United States Congressman Danny K. Davis (D-7th) formally announced that he would be running for an 11th term in Congress during a press conference held in Chicago’s Austin community on his birthday, Sunday, Sept. 6. 

The 74-year-old legislator seemed to preempt what could be a constant campaign theme heading into the 2016 campaign. Standing on his ever-present cane — a keepsake from his travels in Nairobi, Kenya — the congressman told a crowd of roughly 150 supporters that his age would be an asset. 

“In some legislative bodies, seniority does make some difference. I am number 73 in the House of Representatives out of 435 representatives,” said Davis to applause from a crowd of supporters flanking him. 

“Our country and our world are in such dire straits right now until I’m totally convinced that we need as much seasoned leadership as we can get.”

Davis’ 7th District includes North Riverside west of 14th Avenue and about a block of Brookfield’s northernmost tip. 

Davis’s first official campaign speech was heavy on statistics, with the congressman noting that his congressional district received more than $4.4 billion in federal dollars, nearly 10,000 federal contracts, more than 4,600 grants and more than 1,800 loans last year. 

“We have also passed meaningful bills that impact the whole country,” said Davis, before referencing what he considers his signature piece of legislation — the Second Chance Act, signed into law by President George W. Bush in 2007. 

The law is designed to smooth the transition of convicted felons back into the larger society by funding various prisoner reentry programs and providing job training opportunities, among other aspects of the law. 

“But that’s not the only thing,” Davis said, adding that his office also helped pass “bills in education” and “child welfare.” 

State Sen. Kimberly Lightford (D-4th), who joined the group of supporters standing in back of the legislator during Sunday’s press conference, said if it weren’t for Davis, Illinois wouldn’t have an affordable housing program designed to mitigate the state’s homeless problem. 

Lightford was among a bevy of elected officials who showed up to support, if not explicitly endorse, Davis. Cook County Recorder of Deeds Karen Yarbrough, state Rep. LaShawn K. Ford (D-8th), state Rep. Camille Lilly (D-77th) and Cook County Circuit Court Clerk Dorothy Brown were also among those in attendance.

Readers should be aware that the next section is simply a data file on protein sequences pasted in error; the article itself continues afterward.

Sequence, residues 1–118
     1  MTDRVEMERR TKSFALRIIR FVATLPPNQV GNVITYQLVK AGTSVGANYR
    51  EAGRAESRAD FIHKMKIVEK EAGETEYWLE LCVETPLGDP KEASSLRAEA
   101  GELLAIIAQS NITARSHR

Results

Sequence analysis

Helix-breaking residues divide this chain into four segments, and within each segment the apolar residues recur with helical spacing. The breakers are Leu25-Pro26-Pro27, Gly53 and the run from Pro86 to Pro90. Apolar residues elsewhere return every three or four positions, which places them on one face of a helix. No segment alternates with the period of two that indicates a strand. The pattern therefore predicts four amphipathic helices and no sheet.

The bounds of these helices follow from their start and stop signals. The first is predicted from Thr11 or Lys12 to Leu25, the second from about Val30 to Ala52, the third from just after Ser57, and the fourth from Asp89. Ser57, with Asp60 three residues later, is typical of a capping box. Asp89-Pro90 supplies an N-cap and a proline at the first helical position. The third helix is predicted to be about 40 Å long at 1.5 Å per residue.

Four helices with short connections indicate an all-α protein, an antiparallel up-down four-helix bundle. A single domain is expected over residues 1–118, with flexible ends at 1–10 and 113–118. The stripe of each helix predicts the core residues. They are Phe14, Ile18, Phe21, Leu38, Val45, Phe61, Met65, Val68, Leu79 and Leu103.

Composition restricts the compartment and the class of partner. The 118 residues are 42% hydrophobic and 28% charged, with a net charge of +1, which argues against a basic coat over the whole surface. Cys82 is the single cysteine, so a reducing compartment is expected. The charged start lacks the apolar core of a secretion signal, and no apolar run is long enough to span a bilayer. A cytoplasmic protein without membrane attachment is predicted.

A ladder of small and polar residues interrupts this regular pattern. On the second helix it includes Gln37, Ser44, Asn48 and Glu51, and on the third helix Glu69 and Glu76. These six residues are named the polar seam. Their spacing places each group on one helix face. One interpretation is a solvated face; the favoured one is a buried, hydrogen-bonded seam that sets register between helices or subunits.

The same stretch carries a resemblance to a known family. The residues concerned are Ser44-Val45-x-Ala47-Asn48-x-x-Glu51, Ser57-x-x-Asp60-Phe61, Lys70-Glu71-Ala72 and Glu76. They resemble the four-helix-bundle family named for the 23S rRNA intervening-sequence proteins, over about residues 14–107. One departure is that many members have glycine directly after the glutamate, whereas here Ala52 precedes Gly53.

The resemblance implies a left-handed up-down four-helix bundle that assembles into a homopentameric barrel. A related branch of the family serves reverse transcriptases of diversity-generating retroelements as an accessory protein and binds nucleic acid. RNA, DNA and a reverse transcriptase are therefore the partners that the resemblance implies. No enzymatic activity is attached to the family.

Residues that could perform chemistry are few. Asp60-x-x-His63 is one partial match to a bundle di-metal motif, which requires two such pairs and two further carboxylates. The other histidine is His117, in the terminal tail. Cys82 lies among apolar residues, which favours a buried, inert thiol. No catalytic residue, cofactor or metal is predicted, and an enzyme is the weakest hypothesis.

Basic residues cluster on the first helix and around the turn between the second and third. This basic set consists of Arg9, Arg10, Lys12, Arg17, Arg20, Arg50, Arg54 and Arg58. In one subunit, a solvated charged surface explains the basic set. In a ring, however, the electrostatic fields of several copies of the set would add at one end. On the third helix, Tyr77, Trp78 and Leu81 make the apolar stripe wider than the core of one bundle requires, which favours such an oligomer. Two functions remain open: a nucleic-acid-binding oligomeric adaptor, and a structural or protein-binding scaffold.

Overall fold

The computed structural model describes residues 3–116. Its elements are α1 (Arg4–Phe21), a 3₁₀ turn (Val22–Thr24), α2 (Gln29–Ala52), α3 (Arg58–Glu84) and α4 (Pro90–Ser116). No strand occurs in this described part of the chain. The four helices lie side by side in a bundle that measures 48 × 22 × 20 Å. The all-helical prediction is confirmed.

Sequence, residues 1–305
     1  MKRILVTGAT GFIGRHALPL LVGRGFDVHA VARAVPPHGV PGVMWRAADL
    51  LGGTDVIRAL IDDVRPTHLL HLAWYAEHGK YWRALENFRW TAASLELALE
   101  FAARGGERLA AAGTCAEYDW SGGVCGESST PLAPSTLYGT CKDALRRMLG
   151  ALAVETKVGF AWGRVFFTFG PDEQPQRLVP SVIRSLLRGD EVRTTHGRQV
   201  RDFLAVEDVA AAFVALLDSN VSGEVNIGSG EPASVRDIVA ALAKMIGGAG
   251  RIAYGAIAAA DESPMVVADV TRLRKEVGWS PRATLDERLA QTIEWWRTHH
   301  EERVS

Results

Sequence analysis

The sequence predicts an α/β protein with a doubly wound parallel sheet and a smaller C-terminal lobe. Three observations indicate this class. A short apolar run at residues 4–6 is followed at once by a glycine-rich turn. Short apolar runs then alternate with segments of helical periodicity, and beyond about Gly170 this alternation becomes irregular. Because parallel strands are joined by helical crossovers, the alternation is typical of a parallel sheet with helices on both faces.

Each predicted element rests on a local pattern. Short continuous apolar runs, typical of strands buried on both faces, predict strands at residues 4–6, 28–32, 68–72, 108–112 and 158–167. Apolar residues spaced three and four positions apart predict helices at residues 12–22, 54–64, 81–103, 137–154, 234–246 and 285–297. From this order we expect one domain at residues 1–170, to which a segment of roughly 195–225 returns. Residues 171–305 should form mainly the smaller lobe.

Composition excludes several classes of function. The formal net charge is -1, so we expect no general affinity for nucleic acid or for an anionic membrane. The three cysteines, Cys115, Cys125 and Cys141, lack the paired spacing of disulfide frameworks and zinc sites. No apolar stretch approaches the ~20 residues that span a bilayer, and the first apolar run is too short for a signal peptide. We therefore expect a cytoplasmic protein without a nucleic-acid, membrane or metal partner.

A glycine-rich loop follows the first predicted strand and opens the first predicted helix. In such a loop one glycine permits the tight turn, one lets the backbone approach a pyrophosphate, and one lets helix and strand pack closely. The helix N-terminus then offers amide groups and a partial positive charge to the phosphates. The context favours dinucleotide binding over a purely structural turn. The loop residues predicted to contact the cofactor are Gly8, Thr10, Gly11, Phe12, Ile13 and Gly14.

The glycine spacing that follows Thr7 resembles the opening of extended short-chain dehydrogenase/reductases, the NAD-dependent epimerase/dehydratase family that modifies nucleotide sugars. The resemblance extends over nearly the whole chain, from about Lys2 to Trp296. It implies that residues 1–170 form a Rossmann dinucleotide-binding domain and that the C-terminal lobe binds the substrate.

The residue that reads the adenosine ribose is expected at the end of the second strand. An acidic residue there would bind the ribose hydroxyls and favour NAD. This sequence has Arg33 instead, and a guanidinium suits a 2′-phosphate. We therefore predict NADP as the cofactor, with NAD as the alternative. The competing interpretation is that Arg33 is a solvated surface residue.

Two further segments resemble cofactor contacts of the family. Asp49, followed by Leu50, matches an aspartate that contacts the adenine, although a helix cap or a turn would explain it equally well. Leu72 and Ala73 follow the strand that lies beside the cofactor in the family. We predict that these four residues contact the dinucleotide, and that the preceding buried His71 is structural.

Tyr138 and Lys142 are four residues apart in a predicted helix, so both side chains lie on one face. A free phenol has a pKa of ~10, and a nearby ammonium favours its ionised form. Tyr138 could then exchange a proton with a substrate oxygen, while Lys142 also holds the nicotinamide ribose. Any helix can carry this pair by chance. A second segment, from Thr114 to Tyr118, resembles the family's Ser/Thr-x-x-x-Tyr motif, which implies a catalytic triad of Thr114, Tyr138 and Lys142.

Notably absent, however, was Davis’s protégé and former chief of staff, Cook County Commissioner Richard Boykin (D-1st), who announced last month that he is actively exploring a run for the U.S. Senate. 

Andrea Zopp, one of Boykin’s biggest obstacles to securing a Democratic nomination should he decide to run for the seat currently held by Republican Sen. Mark Kirk, was in attendance. 

Davis’s re-election defense was dampened somewhat after a reporter asked about the congressman’s niece, Quinshaunta R. Golden, who pleaded guilty last year to theft, bribery and obstruction of justice in a $400,000 kickback scheme. 

Golden, 46, was chief of staff to the Illinois public health department, which was headed at the time by Dr. Eric Whitaker, a close friend of President Barack Obama. 

When asked whether or not he recommended Golden for the state position, some of Davis’s supporters began booing. Davis said his niece is “one of the smartest young women I’ve ever known in my life, so she didn’t need any recommendation from me to get a job.”

Davis, who has been in office since 1997, was re-elected in 2014 with 85 percent of the vote against Republican challenger Robert Bumpers.

There have been a host of other potential candidates rumored to be eyeing Davis’ seat if he had opted not to seek re-election, but only two — Chicago police officer and former mayoral candidate Frederick Collins; and Iraq War veteran, journalist and entrepreneur Thomas Day — have confirmed that they’ll challenge the popular politician in next year’s election. 

Davis said he hopes that the ticket on which he runs is headed by former U.S. Secretary of State Hillary Clinton. 

“We’ve got to do everything in our power to try to make sure we elect a Democrat to succeed Barack Obama,” he said, adding that he endorsed Clinton “a long time ago.”